A discount can help accelerate a slow-moving deal, create goodwill, and give you leverage for requesting concessions.
But you’ll only reap these benefits by discounting strategically -- not whenever your prospect asks for one.
Promising your prospect a discount before the actual negotiation usually has three negative consequences. The buyer subconsciously attributes less value to you and your product. After all, if its ROI is what you claim, why are you so willing to sell it for less?
Premature discounting also shifts the focus from value to price. Instead of talking and thinking about your product’s potential impact on their business, the prospect is thinking about how much it costs.
Finally, you’ll lose some of your bargaining power. Successful negotiations require give-and-take. If you offer a discount in the beginning stages of the sales process, you’ll miss the opportunity to ask for something in return because you don’t yet know what your prospect wants. That sets a dangerous precedent of one-way concessions. When the time comes to put together the actual agreement, the buyer will be accustomed to getting what they ask for without giving anything up.
Of course, responding to discount inquiries during the actual negotiation is challenging too. You must satisfy your prospect’s expectations without destroying your profit margin.
If you’re struggling to find the right words, use these six replies throughout the sales conversation.
During the Connect Call
1) “You’re asking the right person. But before we discuss discounting, let’s figure out what you’re looking for in an offering. That will allow me to give you a far more accurate estimate.”
If the price of your product or service largely depends on the individual prospect’s needs, goals, and situation, it’s too early to discuss discounts. Without knowing the final value of the deal, you can’t determine a rate that will both satisfy them and keep you in business.
Brushing off the prospect’s question will make you seem more interested in your agenda than their own. Instead, acknowledge them and explain why it’s mutually beneficial to table this discussion until later.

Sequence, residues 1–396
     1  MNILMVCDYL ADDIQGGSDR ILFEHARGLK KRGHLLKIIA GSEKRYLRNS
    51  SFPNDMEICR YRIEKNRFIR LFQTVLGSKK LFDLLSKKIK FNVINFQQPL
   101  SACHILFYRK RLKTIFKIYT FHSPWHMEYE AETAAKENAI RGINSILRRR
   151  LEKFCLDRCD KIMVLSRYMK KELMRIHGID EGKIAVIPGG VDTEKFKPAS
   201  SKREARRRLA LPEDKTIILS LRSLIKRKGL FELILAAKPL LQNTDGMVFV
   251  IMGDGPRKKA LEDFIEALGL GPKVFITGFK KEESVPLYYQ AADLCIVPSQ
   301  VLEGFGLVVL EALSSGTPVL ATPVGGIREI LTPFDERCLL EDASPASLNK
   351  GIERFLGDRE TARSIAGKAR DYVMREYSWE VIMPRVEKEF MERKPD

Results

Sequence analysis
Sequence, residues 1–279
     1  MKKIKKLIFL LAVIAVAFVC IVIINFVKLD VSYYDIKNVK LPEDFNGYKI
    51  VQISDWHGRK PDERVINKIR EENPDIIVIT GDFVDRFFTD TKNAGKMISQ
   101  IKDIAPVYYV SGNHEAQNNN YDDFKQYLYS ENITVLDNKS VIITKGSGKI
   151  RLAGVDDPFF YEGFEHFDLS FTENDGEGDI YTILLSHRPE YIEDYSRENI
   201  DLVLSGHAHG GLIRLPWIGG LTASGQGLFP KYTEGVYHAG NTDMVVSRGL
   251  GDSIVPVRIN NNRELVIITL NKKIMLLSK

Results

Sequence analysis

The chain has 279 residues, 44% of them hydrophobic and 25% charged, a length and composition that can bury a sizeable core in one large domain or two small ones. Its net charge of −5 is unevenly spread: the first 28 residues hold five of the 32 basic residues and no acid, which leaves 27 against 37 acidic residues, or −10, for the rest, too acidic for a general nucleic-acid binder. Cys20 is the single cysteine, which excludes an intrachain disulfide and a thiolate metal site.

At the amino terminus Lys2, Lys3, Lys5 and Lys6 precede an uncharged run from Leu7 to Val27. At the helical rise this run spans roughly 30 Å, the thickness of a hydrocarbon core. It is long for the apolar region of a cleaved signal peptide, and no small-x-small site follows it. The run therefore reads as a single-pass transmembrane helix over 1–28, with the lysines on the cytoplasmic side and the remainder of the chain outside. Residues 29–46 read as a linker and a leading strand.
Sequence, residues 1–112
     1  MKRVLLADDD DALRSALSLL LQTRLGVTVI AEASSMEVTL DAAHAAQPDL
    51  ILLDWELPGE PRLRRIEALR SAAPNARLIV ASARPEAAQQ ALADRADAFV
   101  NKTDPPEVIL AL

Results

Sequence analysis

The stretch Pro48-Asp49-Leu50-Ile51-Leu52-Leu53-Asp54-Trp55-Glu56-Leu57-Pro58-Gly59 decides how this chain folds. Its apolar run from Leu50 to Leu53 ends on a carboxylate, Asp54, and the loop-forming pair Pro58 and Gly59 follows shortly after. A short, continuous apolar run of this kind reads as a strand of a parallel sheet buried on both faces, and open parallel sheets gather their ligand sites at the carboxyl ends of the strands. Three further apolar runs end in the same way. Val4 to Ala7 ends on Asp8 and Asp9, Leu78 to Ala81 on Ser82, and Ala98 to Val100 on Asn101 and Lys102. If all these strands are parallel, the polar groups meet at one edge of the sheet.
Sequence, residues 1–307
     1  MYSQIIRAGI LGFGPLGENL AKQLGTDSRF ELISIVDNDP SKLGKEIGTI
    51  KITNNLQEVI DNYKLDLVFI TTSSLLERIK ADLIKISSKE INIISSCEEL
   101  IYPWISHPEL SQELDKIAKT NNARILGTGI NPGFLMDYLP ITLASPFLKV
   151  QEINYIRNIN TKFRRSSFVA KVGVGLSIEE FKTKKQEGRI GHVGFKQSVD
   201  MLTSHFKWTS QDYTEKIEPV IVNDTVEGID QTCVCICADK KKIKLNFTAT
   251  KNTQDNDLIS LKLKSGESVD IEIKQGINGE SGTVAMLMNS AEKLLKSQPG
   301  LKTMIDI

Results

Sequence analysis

2) “Good question. Do you see price being a major obstacle to this purchase?”
If your prospect’s request comes right after he asked for pricing information or your prices are available online, it’s possible he can’t afford your product at full price. He’s trying to learn whether you’ll consider a discount. Say no, and he’ll likely walk away.
Alternatively, he might be capable of paying the normal rate -- but interested in getting a discount if he can.
This question helps you figure out the buyer’s motivations. If he responds that price won’t be an issue, use response #1. If he says it is, delve deeper into his financial situation. You might need to disqualify him if your product is too far out of his reach.
During the Sales Presentation or Product Demonstration
1) “We can definitely have a conversation about specific numbers, but let’s make sure we’re on the same page about this solution being a good fit for your needs.”
At this stage of the sales conversation, a discount request usually indicates the prospect’s desire to buy. Since they agreed to a demo or presentation, they’re clearly interested in the product -- now they’re thinking about the details of the purchase.